Is Chicago ready to put the ‘Win’ in Windy City?

From the Saturday, May 9, editions of The Daily Journal (Kankakee, Ill.) and The Times (Ottawa, Ill.) …

RoseBy Dave Wischnowsky


Besides the Blackhawks’ highly notable exception, you know they don’t call Chicago the Windy City because its sports teams actually win.

But could that soon change?

It’s certainly a possibility with the Bulls, led by a resurgent Derrick Rose, showing flashes of being a legitimate NBA title contender as they wage battle with LeBron James & Co., while the Blackhawks once again look like the team to beat en route to the Stanley Cup.

Meanwhile, on the baseball diamond, the Cubs are assembling a formidable collection of young talent that could finally end their eternal title drought … some day.

It’s unlikely, of course, that Chicago will crown three champions during 2015, but it’s not ridiculous to think the city could end up with a couple of them. If it did, Chicago would join elite company, as in the history of major North American professional sports (NFL, MLB, NBA and NHL) a single city/metropolitan area has been home to multiple champions in one season only 14 times, most recently in ’04 when the New England Patriots and Boston Red Sox respectively won the Super Bowl and World Series.

Detroit is the only city that has hosted more than two major sports champs in a single season, which happened way back in 1935 when the Lions, Red Wings and Tigers all captured their league’s crowns.

So, as Chicago shoots for its own sports glory this spring, I wanted to fire off a few of my own thoughts about the city’s bustling sports scene.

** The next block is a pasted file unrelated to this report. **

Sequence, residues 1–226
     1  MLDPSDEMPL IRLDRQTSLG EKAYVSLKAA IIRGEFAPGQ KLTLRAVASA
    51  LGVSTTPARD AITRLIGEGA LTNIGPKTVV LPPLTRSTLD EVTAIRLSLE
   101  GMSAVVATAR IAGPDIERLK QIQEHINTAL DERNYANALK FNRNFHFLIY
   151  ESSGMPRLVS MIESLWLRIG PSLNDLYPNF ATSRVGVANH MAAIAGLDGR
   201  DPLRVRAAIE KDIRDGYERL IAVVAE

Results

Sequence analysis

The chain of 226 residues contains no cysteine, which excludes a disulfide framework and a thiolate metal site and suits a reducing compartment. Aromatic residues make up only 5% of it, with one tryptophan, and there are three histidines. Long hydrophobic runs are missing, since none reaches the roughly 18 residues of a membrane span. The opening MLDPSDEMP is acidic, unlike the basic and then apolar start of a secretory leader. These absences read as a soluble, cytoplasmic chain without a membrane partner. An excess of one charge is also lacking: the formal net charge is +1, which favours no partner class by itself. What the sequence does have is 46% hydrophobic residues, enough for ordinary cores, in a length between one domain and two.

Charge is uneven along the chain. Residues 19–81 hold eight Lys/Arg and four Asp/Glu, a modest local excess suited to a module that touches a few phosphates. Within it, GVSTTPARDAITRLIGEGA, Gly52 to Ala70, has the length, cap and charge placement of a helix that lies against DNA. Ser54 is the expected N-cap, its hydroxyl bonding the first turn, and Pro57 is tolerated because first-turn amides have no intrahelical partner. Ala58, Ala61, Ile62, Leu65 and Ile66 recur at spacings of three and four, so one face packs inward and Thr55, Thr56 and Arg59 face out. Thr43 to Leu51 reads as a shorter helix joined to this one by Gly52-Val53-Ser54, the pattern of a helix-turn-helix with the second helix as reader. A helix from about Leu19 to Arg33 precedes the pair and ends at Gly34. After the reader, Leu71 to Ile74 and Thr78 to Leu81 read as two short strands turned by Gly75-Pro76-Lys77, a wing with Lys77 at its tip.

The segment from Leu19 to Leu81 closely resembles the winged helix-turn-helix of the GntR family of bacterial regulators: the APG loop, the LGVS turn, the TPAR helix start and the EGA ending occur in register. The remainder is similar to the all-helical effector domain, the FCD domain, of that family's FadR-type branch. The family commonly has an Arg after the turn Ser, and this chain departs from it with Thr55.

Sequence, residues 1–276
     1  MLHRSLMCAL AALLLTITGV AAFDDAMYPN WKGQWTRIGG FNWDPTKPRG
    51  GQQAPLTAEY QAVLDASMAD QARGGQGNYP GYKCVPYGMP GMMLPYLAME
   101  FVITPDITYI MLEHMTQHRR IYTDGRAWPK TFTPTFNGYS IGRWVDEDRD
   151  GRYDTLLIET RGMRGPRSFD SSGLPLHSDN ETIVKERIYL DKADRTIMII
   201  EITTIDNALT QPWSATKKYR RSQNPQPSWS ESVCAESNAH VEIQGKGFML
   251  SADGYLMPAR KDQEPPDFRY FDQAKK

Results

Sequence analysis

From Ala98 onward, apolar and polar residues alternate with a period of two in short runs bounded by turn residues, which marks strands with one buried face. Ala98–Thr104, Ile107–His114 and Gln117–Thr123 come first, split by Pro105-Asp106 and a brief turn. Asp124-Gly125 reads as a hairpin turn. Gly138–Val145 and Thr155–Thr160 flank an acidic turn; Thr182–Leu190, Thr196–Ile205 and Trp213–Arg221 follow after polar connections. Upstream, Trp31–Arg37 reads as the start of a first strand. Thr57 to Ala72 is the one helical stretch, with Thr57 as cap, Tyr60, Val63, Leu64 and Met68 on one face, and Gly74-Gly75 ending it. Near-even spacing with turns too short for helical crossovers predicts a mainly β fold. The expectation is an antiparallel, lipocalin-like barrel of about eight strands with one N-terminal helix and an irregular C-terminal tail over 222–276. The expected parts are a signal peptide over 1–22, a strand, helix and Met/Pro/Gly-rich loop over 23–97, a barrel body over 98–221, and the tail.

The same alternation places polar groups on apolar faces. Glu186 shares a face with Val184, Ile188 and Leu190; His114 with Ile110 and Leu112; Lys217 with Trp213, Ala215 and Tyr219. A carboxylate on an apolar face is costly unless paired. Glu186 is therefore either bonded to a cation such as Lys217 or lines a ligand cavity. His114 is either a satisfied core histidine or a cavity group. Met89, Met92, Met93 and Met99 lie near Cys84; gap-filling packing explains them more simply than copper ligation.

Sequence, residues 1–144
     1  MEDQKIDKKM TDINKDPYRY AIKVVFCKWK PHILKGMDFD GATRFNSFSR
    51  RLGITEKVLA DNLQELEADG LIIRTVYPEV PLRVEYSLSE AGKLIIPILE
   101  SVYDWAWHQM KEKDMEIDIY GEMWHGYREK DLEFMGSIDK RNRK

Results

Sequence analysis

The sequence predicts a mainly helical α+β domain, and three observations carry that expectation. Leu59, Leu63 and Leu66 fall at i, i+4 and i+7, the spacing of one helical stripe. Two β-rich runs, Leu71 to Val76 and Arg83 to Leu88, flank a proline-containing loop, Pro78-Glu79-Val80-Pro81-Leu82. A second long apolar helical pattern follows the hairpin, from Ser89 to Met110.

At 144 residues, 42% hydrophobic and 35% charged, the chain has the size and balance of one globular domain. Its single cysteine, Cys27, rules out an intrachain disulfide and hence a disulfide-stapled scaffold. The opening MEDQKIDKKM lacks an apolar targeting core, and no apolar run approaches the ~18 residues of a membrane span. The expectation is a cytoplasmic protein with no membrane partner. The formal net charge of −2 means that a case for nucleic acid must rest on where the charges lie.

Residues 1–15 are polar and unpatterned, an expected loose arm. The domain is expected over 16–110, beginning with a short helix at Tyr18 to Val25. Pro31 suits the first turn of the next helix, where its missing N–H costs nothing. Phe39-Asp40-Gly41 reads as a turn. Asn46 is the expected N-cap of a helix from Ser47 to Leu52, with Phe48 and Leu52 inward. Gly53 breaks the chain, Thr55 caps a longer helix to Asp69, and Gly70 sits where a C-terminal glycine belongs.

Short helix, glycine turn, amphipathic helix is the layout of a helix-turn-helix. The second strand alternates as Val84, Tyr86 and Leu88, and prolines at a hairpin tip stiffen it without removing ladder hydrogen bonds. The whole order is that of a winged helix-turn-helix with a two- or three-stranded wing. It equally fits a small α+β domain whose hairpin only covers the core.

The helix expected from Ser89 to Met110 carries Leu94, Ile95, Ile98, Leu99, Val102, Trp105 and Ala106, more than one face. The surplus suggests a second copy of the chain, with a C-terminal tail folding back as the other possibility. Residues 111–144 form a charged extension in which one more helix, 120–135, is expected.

The Butler did it

In February 2013, I wrote that, “If the Bulls are to scale the championship mountain in the coming years, [Derrick] Rose is going to need help. Because while his play might seem superhuman, he isn’t Superman. Even Michael Jordan needed his Scottie Pippen to win titles. LeBron James, meanwhile, needed Dwyane Wade to finally get his ring.”

With his slew of knee injuries, Rose has looked far more mortal than superhuman since that time, of course. But this spring, he’s again beginning to resemble Batman, although the guy still does need his Robin if the Bulls are to win it all. Luol Deng simply wasn’t that player.

Jimmy Butler, however, just might be. This week, the swingman was named the NBA’s Most Improved Player after boosting his scoring average from 13.1 to 20 points, his shooting from 39.7 to 46.2 percent, his rebounding from 4.9 to 5.8 and his assists from 2.6 to 3.3.

If Chicago does win a ring, it’ll likely be because the Butler did that.

Rockin’ Robin

Earlier this week, after the White Sox’s record fell to 8-14, the Chicago-based website called manager Robin Ventura’s squad “the worst team in MLB,” arguing that while the Sox didn’t have baseball’s worst record, the teams below them “didn’t have [the] high expectations for this season [that] the White Sox did and still do.”

Following that criticism, the Sox promptly snapped a five-game losing streak by beating the Tigers. However, questions continue to swirl around Ventura, who may not be the primary reason for the Sox’s struggles, but is also yet to show he’s the answer.

If things don’t change, it won’t surprise anyone if Ventura is eventually fired, either after the season or during it. But I also wouldn’t be stunned if we see Ozzie Guillen emerge as his potential replacement.

After all if, George Steinbrenner can hire Billy Martin five times, Jerry Reinsdorf surely could hire Ozzie twice. Remember you heard it here first.